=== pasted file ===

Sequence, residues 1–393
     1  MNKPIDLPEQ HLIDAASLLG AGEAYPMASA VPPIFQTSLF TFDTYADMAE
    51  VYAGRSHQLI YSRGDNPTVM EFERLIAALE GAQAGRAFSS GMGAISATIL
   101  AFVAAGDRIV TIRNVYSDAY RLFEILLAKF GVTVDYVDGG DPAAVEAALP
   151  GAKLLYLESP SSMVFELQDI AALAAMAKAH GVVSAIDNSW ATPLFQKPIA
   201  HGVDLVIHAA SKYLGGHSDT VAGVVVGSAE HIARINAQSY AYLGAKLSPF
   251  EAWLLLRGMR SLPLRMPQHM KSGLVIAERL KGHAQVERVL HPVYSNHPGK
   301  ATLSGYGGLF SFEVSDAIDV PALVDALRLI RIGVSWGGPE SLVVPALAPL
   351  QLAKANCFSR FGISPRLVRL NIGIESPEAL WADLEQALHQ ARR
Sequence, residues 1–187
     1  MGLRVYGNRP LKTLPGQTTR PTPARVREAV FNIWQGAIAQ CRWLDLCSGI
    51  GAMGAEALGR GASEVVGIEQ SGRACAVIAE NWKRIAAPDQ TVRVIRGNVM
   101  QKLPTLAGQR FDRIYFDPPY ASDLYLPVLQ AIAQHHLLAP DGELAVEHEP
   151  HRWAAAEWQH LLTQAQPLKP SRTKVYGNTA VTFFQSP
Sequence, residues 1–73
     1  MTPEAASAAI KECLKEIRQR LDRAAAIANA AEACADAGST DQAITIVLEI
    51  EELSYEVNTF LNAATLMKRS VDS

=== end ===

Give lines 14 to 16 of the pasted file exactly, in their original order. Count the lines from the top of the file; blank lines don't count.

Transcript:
   151  HRWAAAEWQH LLTQAQPLKP SRTKVYGNTA VTFFQSP
Sequence, residues 1–73
     1  MTPEAASAAI KECLKEIRQR LDRAAAIANA AEACADAGST DQAITIVLEI